The student news site of Guilford College

The Guilfordian

The student news site of Guilford College

The Guilfordian

The student news site of Guilford College

The Guilfordian

AIDS awareness week: real talk about a tough subject

(Keyla Beebe)

We do not talk about the AIDS epidemic. We do not acknowledge the fact that, statistically speaking, several dozen people on Guilford’s campus may be HIV positive, or that AIDS is the leading cause of death for African American women between the ages of 25 and 34.

“AIDS is the elephant in the room,” said Martha Lang ’90, coordinator of LGBTQA services and visiting professor of anthropology and sociology. “Everyone knows it is there but no one wants to say anything about it.”

AIDS, or acquired immune deficiency syndrome, arises from the human immunodeficiency virus (HIV) which causes the human immune system to fail. AIDS Awareness Week, created by the Community AIDS Awareness Program (CAAP), sought to facilitate dialogue on this issue, which too often remains silenced.

The week-long series of events kicked off with the Sex Buffet, held in the cafeteria atrium on Dec. 1. Using the analogy of a buffet, Amanda Pressley ’09 led an hour-long educational dialogue on how to have sex that is both safe and fun. Highlights of the event included senior Andrew Slater demonstrating the proper way to put on a condom while blindfolded and wearing a wooden dildo.

Although there was much laughter and joviality, the underlying message was meaningful.

“The goal is to please and protect yourself and your partner,” said Pressley. “If you aren’t safe, sex has the potential to drastically alter your life in harmful ways.”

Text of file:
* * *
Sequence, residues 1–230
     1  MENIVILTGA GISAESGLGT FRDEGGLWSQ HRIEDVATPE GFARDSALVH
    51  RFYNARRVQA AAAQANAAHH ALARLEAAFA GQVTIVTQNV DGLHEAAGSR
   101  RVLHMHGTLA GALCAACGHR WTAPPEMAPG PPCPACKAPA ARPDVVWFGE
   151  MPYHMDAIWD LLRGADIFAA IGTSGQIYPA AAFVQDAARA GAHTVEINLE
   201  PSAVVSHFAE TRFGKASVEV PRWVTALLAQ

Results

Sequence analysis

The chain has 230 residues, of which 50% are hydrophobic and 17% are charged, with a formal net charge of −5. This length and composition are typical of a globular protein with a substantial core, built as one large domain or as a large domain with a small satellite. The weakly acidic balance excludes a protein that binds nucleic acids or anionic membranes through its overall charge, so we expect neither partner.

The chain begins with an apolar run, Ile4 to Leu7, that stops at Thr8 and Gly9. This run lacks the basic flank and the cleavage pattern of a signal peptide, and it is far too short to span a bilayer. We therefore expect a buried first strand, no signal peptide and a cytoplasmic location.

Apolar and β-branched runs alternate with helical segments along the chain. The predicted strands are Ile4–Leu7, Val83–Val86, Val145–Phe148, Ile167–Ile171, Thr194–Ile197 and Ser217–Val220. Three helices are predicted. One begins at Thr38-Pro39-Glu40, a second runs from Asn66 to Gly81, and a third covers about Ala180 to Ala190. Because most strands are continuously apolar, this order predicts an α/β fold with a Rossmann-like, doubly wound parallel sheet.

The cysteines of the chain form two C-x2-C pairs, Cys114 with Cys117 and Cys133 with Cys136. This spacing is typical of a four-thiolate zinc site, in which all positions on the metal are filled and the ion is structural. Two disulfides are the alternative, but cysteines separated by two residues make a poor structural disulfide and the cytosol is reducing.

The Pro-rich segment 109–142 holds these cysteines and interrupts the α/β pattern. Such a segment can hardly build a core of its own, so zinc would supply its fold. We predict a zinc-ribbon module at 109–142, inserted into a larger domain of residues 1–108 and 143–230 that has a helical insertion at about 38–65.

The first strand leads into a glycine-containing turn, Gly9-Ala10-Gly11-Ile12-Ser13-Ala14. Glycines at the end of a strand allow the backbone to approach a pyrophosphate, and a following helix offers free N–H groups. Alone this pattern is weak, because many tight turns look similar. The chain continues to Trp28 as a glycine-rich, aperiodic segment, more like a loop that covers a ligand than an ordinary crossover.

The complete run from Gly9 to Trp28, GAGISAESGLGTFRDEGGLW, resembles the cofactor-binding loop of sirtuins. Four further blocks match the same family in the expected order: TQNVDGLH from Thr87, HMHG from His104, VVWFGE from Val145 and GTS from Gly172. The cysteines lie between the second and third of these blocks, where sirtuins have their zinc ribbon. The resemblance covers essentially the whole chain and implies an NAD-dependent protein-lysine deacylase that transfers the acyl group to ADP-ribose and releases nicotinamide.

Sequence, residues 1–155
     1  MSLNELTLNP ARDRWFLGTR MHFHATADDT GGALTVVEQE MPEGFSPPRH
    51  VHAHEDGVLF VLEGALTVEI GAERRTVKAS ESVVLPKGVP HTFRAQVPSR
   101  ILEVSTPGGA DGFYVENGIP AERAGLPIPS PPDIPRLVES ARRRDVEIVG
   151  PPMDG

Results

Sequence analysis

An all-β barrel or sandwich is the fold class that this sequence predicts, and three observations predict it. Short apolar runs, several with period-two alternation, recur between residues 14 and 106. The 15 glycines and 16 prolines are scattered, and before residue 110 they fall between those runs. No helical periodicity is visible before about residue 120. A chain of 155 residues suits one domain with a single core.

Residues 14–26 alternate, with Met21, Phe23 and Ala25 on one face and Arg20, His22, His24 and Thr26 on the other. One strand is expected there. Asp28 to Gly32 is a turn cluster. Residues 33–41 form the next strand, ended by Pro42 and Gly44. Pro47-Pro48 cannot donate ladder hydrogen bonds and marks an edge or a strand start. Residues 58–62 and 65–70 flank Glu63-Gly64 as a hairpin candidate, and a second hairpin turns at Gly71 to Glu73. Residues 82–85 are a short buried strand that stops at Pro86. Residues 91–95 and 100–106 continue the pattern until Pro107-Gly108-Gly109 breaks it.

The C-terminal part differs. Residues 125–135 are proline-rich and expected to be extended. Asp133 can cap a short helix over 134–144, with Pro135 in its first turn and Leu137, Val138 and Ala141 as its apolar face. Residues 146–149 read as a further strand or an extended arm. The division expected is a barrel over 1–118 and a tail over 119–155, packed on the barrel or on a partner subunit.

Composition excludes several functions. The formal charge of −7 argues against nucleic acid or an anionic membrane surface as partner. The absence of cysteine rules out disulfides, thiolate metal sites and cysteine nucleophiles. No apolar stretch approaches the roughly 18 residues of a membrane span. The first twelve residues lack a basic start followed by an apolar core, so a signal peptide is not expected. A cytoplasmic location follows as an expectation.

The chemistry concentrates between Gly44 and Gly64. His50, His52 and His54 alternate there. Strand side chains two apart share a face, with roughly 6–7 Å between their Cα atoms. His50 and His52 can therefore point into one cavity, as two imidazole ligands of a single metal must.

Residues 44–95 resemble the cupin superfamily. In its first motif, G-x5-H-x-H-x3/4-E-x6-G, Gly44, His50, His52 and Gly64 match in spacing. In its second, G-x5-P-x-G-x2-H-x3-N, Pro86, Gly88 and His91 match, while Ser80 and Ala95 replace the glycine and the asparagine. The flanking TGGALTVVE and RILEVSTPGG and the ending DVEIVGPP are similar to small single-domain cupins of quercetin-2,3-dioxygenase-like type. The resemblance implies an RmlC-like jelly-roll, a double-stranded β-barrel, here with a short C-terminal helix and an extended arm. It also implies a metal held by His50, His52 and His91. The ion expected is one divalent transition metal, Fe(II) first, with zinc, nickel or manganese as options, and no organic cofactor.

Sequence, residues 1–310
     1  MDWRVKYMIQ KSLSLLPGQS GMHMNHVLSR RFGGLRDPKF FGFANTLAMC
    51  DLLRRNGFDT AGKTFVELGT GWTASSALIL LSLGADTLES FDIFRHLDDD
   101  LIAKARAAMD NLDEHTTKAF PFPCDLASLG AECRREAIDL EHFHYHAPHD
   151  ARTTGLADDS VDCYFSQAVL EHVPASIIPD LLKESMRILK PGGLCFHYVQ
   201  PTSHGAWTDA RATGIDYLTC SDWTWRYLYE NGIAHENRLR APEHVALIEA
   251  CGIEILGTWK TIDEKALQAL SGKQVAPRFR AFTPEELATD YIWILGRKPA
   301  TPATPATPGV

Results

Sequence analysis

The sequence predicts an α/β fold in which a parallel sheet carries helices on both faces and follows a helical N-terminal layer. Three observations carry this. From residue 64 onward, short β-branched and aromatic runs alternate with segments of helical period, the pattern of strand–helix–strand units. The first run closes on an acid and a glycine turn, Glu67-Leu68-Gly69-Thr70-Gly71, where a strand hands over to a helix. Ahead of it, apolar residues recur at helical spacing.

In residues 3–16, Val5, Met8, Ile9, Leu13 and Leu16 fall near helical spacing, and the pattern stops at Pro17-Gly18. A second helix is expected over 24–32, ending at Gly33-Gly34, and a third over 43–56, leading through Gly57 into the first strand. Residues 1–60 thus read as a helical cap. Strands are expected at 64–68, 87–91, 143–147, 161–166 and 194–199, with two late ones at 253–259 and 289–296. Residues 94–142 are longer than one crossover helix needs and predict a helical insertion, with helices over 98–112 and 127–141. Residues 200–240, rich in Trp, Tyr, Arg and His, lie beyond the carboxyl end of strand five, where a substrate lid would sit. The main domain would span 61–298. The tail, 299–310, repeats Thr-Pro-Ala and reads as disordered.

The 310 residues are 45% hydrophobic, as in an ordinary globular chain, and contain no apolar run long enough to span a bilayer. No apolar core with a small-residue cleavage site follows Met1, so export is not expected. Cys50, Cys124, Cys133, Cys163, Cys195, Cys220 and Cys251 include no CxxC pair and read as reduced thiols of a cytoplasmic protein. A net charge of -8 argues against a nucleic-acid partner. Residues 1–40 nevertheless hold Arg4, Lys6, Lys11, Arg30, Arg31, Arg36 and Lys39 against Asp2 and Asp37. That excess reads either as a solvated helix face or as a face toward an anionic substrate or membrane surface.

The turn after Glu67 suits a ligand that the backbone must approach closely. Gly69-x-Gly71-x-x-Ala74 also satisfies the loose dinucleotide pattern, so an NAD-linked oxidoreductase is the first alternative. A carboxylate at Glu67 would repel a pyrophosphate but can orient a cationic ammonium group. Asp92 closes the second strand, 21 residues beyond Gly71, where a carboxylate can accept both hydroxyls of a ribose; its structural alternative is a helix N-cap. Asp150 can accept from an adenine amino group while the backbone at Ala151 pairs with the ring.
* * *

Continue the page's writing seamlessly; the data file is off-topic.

Sex education at the college level is important because college students may not understand the risks of unprotected sex.

“Too many people think they know it all,” said junior Gerina Auguste, president of CAAP. “I have been doing this work for years and I still learn something new every time I attend a lecture.”

AIDS is a preventable disease if individuals take the necessary precautions. Too many people do not. As of 2009, there were 33.3 million people in the world living with HIV, according to the World Health Organization. 1.5 million of those people live in North America.

In Martha Lang’s talk on HIV on Dec. 2, she stressed the fact that AIDS is a social issue.

“HIV thrives in climates of social inequality,” Lang said. “If we did not have poverty and social dislocation, we would not have the AIDS epidemic.”

The topic is personal for Lang, who was diagnosed with AIDS in 2001. Since then her health has improved remarkably.

“I am going to die, like everybody,” Lang said. “But I don’t think HIV is going to kill me.”

Lang contracted the virus in 1988, while she was a student at Guilford.

“Being an over-educated white woman means that I get special treatment,” Lang said. “There are people who die horrible deaths from AIDS in this country who do not have to, because they cannot get the medical care they need.”

Junior Ktimine Edgren, an AIDS Fellow, said that most people who are HIV-positive feel they have to hide their status.

“Sex ed is an important component of the conversation,” said Edgren. “But if we’re going to make a sustainable change we need to come together as a community and address the social issues.”

There are many health challenges associated with HIV and AIDS, but what makes it even more painful is the stigma which surrounds it. Guilford is not immune to this harmful attitude.

One of the events coordinated by CAAP was free HIV testing held in Founders. Some students were afraid to be seen getting tested because they thought people on-campus might judge them, according to an anonymous source.

This climate of fear and ignorance is exactly what community members are working to reverse. Senior Cordelia McKusick, coordinator of CAAP, said that the stigma of AIDS results from the fact that the virus “was first seen mainly in African American, gay, poor, sometimes needle-using men.” All of these groups are marginalized in our society, which is how HIV gained such a negative reputation.

On Dec. 5, Guilford students joined the community to show solidarity in the annual Winter AIDS Walk.

“We appreciate the opportunity to be a part of this community, struggling and celebrating life,” said James Shields, director of Community Learning. “We will continue to do this work until AIDS is gone.” 

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